Malik Osborne out for season; how can FSU replace its veteran floor-spacer?

During his time with Florida State basketball, veteran forward Malik Osborne emerged as one of the top role players in the ACC. Unfortunately, the 2021-22 season is over for Osborne, due to an ankle injury suffered earlier this month vs. NC State.

Osborne played in 17 game this season for FSU. The fifth-year senior forward averaged 10.0 points and 6.9 rebounds per game. Osborne is an excellent shooter, too. For the season, Osborne was 20-of-56 (35.7 3P%) from beyond the arc. He was also shooting 83.1 percent from the line.

Earlier this week, Osborne played in the loss at Georgia Tech. His first game out came on Saturday — Florida State losing at home to Virginia Tech, 85-72.

Osborne missed two games earlier this month, following the injury: at Syracuse, then home to North Florida. However, even when Osborne on the floor, it was obvious he wasn’t playing at 100 percent.

After transferring to Florida State from Rice, Osborne took a redshirt for the 2018-19 season. When Osborne joined the active lineup for the 2019-20 season, he instantly fit into FSU’s system. Osborne is a strong rebounder, who can also defend a variety of position types. He was perfect for Florida State’s 1-5 switch scheme on defense.

At 6-foot-9 and 225 pounds, Osborne had the size to play center; however, he could easily work as a 4 in Florida State’s system, too.

Osborne made enough 3-pointers and did enough damage on the offensive glass to keep the offense afloat and create second-chance opportunities. During the 2019-20 season, Osborne posted an 11.7 percent offensive rebound rate.

Simply put: Osborne doesn’t need to have the ball to have a positive impact.

Over the last three seasons, Osborne shot 36.1 percent from downtown and guarded every position (1-5). If that weren’t enough, Osborne is also a low-mistake player and one of the top veteran leaders in the ACC.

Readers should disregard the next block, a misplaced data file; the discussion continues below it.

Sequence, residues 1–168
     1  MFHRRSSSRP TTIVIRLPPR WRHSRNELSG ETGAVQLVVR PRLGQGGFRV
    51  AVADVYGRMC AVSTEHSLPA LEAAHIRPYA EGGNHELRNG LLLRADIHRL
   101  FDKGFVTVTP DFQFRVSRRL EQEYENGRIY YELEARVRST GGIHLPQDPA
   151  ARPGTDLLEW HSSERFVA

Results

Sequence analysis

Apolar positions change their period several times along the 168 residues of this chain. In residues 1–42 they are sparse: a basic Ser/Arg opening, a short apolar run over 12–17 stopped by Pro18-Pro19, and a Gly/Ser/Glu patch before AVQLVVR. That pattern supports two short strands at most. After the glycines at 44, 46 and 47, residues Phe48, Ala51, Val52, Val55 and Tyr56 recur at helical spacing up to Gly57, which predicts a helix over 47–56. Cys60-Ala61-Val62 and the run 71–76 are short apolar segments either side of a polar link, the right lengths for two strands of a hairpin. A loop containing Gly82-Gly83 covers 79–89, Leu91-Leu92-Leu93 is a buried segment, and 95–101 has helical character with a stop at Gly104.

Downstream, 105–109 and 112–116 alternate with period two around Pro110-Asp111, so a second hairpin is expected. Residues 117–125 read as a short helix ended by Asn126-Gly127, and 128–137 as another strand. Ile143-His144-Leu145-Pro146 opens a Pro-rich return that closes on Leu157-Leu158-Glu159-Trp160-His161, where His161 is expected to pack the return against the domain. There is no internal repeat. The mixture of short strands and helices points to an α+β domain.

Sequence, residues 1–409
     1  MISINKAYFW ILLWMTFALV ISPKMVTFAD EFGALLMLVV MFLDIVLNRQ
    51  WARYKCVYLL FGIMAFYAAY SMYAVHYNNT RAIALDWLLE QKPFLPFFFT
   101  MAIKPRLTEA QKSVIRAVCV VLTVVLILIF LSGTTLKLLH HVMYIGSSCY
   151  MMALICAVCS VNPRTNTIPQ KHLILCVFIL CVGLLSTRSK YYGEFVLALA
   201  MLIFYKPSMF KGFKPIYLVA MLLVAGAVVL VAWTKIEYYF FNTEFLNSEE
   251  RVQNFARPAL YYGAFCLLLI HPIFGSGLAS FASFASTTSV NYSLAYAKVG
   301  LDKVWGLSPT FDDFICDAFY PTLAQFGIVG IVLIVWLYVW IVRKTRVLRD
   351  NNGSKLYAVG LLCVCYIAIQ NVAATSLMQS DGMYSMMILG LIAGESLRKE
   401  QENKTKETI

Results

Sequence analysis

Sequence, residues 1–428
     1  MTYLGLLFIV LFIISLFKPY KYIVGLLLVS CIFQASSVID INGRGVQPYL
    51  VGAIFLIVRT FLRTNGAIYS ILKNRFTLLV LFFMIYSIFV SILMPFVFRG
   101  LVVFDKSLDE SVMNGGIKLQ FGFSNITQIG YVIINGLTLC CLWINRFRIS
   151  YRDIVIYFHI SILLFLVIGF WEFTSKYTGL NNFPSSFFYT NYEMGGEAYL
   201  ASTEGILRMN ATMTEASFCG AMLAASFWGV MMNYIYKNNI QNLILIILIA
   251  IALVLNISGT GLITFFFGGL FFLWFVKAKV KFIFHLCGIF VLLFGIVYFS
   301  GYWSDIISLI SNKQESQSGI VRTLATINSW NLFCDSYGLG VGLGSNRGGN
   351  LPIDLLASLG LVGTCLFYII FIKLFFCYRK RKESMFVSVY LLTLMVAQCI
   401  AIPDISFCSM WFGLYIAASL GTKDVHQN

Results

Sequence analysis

Since Osborne joined the rotation, Florida State has a record of 57-18. In 1,553 minutes with Osborne on the floor, FSU outscored opponents by a combined 180 points, according to Pivot Analysis.


How do you replace Malik Osborne?

Leonard Hamilton still has plenty of size that he can lean on: 7-foot-4 Naheem McLeod has started to play better and can have a real impact around the basket. McLeod is shooting 72.5 percent at the rim and has 18 dunks on the season — in 17 games.

Tanor Ngom, a 7-foot-2 center, has missed time this season, but he’s long, moves pretty well for a player his size and has ACC experience.

In General, FSU will likely have to play more with a true, traditional center on the floor: McLeod, Ngom or the 7-foot Quincy Ballard.

Freshman forward John Butler — 7-foot-1, 190 pounds — is already an important part of Florida State’s frontcourt rotation; however, the talented rookie may be asked to do even more. Butler can handle the ball, like surprisingly well. More importantly, though, Butler can shoot: 21-of-47 on 3-point attempts (44.7 3P%).

Butler’s defensive flashes have been awesome this season, too. He can get in a stance and slide laterally vs. twitchy guards, while also offering up some real back-line rim protection (6.1 percent block rate). Given Florida State’s desire to switch 1-5 defensively, it’s a little easier to plug the hole, on paper at least: everyone guards every position.

Of course, Butler doesn’t have the strength or experience of Osborne, who has played a lot of college basketball.

Hamilton could also dial up the usage for two of his most experienced players: 6-foot-8 stretch forward Wyatt Wilkes (career 34.3 3%) and 6-foot-8 forward Harrison Prieto.

Wilkes has been through plenty of battles with this program. Prieto, a sixth-year senior and a future meteorologist, was help vs. Syracuse’s zone when FSU took down the Orange — sans Osborne — back on Jan. 15.


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